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Activation of Epstein–Barr virus latent genes protects human B cells from death by apoptosis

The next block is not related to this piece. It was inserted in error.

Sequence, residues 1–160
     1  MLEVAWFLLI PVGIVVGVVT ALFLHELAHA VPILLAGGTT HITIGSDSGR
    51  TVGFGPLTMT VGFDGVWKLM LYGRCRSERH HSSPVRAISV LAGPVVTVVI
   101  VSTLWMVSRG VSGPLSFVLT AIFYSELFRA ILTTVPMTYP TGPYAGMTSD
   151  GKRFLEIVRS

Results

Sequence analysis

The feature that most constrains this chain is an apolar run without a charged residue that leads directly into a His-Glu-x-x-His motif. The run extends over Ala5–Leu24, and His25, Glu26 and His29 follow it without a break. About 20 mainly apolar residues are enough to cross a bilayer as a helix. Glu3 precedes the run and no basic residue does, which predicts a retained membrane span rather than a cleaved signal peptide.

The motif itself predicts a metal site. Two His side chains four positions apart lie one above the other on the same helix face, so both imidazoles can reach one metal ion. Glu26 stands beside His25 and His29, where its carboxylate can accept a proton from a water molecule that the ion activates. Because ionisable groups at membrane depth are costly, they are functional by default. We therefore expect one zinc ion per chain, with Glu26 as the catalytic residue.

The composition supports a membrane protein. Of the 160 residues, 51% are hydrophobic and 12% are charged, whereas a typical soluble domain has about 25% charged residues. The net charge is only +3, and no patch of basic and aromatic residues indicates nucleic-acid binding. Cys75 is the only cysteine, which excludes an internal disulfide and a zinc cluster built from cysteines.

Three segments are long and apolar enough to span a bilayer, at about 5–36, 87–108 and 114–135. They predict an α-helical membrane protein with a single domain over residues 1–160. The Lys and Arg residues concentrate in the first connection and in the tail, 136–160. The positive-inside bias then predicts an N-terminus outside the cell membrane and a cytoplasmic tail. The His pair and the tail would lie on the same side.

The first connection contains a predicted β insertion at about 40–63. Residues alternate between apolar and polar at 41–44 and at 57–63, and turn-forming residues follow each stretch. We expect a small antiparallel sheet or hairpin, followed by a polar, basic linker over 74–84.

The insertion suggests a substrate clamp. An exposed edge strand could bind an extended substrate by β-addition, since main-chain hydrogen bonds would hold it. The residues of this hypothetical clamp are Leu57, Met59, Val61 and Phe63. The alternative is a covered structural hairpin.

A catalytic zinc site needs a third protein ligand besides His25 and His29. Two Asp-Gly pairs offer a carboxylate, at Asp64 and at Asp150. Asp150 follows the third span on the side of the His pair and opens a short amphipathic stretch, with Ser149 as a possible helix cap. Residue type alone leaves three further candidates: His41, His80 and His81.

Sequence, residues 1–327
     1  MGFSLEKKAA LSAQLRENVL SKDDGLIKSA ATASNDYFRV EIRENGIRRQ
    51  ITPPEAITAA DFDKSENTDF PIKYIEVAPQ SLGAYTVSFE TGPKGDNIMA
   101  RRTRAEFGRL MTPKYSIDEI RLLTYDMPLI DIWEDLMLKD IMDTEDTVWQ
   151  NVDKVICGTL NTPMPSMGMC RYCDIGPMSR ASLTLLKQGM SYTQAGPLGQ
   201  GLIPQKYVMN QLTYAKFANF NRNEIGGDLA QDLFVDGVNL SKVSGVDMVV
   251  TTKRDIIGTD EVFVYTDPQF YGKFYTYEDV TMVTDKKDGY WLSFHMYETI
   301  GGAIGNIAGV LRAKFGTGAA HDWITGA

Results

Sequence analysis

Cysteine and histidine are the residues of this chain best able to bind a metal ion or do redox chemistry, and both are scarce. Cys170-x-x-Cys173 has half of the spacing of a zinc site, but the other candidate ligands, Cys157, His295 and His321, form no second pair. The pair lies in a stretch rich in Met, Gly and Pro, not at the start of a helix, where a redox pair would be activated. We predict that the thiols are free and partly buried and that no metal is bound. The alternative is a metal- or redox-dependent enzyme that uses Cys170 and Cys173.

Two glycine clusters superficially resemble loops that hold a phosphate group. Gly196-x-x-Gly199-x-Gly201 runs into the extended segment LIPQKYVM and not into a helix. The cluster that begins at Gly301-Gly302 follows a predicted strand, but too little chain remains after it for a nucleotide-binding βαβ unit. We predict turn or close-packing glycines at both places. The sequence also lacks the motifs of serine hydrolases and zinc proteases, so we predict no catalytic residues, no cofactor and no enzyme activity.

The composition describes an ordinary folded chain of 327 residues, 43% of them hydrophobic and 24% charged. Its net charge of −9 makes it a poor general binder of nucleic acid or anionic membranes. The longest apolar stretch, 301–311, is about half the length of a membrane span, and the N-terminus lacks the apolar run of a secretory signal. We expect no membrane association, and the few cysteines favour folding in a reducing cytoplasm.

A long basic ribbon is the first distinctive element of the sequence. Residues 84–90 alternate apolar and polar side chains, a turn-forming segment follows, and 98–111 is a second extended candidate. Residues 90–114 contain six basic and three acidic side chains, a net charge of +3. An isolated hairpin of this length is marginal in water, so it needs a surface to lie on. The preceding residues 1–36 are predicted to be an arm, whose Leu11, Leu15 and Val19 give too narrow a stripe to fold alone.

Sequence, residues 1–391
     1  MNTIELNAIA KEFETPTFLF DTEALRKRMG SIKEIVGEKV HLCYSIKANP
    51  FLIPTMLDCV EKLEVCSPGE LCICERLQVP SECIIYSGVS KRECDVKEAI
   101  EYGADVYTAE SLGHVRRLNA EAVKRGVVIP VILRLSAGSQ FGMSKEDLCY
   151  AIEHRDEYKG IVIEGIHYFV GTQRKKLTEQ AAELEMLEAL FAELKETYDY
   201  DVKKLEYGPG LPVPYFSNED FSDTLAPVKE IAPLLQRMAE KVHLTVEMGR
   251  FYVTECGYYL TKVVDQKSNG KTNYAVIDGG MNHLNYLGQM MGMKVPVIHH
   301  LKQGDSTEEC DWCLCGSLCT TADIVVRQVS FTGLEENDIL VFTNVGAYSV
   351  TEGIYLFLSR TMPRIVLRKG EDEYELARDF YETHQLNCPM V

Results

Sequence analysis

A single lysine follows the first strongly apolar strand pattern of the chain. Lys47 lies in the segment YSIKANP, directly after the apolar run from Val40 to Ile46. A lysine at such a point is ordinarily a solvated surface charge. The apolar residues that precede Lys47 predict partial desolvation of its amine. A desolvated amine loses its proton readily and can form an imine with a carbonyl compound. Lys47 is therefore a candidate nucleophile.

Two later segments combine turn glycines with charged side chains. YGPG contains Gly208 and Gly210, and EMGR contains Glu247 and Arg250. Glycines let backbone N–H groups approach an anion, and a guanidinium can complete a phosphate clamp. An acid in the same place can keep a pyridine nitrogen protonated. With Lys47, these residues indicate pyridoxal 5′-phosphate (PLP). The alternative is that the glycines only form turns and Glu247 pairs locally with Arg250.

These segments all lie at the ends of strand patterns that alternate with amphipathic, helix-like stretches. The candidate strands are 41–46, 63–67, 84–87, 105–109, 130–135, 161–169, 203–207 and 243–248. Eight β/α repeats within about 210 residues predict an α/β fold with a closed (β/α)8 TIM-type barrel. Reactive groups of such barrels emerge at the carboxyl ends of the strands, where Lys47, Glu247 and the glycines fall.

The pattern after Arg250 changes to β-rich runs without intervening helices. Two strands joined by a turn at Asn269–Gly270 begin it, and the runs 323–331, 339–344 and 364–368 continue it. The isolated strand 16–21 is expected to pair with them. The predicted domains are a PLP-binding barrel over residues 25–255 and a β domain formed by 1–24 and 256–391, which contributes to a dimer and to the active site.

EPSTEiN-Barr virus (EBV), a human herpesvirus, establishes a persistent asymptomatic infection of the circulating B-lymphocyte pool1–3. The mechanism of virus persistence is not understood but, given the limited lifespan of most B cells in vivo, it seems most likely that EBV-infected cells must gain access to the long-lived memory B-cell pool. Here we show in an in vitro system that EBV, through expression of the full set of eight virus-coded 'latent' proteins, can protect human B cells from programmed cell death (apoptosis), the deletion mechanism which normally restricts entry into memory4. We have found that EBV-positive Burkitt's lym-phoma (BL) cell clones5 retaining the original tumour cell phenotype and expressing only one of the virus latent proteins, the nuclear antigen EBNA 1, are extremely sensitive to apoptosis; in this respect they resemble the tumour's normal cell of origin found in the germinal centres of lymphoid tissue. By contrast, isogenic BL cell clones which have activated expression of all eight EBV latent proteins are resistant to the induction of apoptosis. The EBV latent proteins should therefore be seen not just as activators of B-cell proliferation but, perhaps more importantly, as mediators of enhanced B-cell survival.

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